Lockport Union-Sun & Journal — Are baby boomers (and/or yuppies) an endangered species? I guess actuarially that’s the case, but I’m thinking more in the short run. I don’t have a good feeling in my bones about this, while hoping against hope that they — me included — can safely guide millions of personal skiffs into port; but I’m not so sure it will happen. Plenty of people will want to put us out on the equivalent of ice floes? If there’s something to this dire feeling concerning our horizons, how did it all become possible?
We hear plenty these days of a “stuck in the middle” boomer quandary and of some beneath them, too (late thirties or forties) – i.e., as a kind of sandwich generation taking care of both needy parents and children. However, problems facing the numerous, yet vulnerable boomer contingent go well beyond that.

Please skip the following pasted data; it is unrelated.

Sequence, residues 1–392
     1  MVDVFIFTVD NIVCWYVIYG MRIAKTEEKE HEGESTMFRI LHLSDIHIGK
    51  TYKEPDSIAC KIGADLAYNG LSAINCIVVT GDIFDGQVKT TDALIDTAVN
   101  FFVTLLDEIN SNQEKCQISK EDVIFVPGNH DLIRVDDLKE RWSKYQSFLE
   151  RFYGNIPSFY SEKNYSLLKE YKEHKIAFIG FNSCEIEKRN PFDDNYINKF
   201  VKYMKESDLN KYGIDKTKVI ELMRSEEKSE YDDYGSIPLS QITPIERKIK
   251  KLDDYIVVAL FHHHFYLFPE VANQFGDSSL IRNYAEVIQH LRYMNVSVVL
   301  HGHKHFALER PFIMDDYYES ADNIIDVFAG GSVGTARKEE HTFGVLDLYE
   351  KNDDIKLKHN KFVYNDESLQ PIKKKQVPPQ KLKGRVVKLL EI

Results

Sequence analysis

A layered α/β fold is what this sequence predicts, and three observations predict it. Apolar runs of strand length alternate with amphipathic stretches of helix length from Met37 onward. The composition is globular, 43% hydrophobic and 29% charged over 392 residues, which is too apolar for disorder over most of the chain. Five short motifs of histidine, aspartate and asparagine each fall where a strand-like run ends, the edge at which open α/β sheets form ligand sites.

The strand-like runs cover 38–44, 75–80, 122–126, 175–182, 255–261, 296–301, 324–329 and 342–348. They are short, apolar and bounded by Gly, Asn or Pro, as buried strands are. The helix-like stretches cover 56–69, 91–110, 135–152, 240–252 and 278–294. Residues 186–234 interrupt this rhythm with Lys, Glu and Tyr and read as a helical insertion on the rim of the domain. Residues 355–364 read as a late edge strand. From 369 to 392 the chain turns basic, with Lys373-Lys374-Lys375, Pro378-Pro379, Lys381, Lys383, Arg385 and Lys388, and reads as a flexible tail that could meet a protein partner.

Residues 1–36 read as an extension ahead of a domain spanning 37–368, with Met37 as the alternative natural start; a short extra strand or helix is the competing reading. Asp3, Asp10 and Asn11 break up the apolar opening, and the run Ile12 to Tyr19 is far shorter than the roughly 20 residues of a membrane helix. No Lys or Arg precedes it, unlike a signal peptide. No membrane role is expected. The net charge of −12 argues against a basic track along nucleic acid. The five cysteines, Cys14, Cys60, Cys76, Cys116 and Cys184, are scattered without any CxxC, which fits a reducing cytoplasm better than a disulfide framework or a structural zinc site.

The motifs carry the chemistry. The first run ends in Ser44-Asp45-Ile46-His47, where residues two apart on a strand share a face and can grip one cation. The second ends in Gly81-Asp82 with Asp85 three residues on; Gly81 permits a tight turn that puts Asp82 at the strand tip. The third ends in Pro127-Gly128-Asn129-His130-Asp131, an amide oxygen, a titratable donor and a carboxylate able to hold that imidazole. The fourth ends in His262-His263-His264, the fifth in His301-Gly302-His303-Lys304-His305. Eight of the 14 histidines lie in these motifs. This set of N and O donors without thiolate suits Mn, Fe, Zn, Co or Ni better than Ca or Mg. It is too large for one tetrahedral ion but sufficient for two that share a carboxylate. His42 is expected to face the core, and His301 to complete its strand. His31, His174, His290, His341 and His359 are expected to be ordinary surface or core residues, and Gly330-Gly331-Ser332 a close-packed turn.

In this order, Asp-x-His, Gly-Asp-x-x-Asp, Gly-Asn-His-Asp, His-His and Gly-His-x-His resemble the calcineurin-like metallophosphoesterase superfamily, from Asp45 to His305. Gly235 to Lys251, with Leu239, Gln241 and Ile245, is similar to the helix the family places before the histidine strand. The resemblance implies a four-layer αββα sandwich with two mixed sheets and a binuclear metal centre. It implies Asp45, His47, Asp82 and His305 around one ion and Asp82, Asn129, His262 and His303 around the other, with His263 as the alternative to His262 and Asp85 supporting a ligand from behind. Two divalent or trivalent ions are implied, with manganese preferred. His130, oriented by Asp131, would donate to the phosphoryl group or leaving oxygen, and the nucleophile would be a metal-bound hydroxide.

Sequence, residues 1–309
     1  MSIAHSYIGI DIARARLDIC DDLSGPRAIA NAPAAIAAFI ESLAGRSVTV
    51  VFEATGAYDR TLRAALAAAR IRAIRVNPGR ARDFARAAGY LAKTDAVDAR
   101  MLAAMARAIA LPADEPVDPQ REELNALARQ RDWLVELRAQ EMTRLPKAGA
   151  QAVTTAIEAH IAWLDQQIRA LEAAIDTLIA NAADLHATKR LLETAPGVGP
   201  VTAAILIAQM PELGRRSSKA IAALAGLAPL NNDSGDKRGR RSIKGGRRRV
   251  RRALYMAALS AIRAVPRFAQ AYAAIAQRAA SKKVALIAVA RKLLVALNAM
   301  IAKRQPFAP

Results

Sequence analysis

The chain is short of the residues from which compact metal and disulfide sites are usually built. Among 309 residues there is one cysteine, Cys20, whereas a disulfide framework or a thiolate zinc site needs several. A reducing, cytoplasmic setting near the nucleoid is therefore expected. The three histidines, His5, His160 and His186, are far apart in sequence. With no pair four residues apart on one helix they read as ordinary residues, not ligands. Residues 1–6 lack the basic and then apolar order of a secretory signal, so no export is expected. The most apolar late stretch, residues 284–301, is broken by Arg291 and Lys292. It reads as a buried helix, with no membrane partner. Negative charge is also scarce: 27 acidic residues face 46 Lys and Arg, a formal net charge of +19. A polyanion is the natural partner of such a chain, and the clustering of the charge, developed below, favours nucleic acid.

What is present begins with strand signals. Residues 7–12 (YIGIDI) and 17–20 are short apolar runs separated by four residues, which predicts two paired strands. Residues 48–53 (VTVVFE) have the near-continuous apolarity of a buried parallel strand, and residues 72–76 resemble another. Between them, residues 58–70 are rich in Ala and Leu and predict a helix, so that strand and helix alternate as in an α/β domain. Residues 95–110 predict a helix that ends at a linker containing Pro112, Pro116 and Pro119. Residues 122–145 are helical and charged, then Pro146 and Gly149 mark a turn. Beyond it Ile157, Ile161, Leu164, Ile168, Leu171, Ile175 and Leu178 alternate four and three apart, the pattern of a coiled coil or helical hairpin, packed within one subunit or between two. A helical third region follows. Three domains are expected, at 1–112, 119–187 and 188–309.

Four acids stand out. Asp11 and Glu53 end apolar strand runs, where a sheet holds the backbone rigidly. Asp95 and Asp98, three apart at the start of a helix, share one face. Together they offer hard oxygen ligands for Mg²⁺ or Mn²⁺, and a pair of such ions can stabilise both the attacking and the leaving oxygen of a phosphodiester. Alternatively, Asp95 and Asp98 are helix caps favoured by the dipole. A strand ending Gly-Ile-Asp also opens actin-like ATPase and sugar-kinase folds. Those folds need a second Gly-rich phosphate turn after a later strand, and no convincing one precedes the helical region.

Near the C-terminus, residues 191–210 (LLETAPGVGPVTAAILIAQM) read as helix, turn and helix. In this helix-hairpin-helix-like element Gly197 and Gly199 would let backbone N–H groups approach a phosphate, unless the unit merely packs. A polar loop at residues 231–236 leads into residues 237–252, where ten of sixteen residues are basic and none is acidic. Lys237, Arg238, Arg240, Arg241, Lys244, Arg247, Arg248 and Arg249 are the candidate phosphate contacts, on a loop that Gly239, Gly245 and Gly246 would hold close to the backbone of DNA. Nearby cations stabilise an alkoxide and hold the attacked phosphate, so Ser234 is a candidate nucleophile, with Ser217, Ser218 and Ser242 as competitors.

First off, baby boomers lived the best of it all in the ‘50s and early ‘60s, arguably one of the cushiest epochs to grow up in throughout all of human history. Then during the late ‘60s and Me Decade of the ‘70s, many thumbed noses (in varying degrees) at age-old conventions of different kinds. That included a basic questioning of elders, now frequently perceived as stodgy — a generation that had gone through the Depression and World War II, but didn’t seem cool enough with current trends. (Think of new stimulants versus martinis, or Meathead versus Archie Bunker ... )
The “youth” revolution? That was certainly us. But there’s a hidden price to having been part of a youth revolt — the fact that we were a generation that was somehow not supposed to turn gray and get old ourselves! Yet that’s exactly what is ironically, jeeringly happening now. Deriding Archie Bunkers or Nixons is no longer an option — most in that generation are gone, and the rest (thankfully) are holding on for dear life.